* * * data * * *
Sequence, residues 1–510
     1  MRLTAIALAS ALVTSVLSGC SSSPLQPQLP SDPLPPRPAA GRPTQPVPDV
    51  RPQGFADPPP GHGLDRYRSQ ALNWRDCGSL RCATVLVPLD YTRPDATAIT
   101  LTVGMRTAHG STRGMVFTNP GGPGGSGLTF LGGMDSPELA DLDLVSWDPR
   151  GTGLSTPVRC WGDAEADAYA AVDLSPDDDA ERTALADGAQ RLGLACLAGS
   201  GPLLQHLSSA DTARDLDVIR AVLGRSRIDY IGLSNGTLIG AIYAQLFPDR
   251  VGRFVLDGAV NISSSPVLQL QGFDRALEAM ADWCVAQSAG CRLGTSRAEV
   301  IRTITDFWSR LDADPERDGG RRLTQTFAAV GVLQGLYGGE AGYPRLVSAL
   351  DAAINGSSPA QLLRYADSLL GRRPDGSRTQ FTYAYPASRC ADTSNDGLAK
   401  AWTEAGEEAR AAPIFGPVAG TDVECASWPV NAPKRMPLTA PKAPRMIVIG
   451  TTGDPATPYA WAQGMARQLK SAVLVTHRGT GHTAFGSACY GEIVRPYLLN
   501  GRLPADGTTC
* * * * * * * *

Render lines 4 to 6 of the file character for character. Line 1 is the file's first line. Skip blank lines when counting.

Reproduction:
   101  LTVGMRTAHG STRGMVFTNP GGPGGSGLTF LGGMDSPELA DLDLVSWDPR
   151  GTGLSTPVRC WGDAEADAYA AVDLSPDDDA ERTALADGAQ RLGLACLAGS
   201  GPLLQHLSSA DTARDLDVIR AVLGRSRIDY IGLSNGTLIG AIYAQLFPDR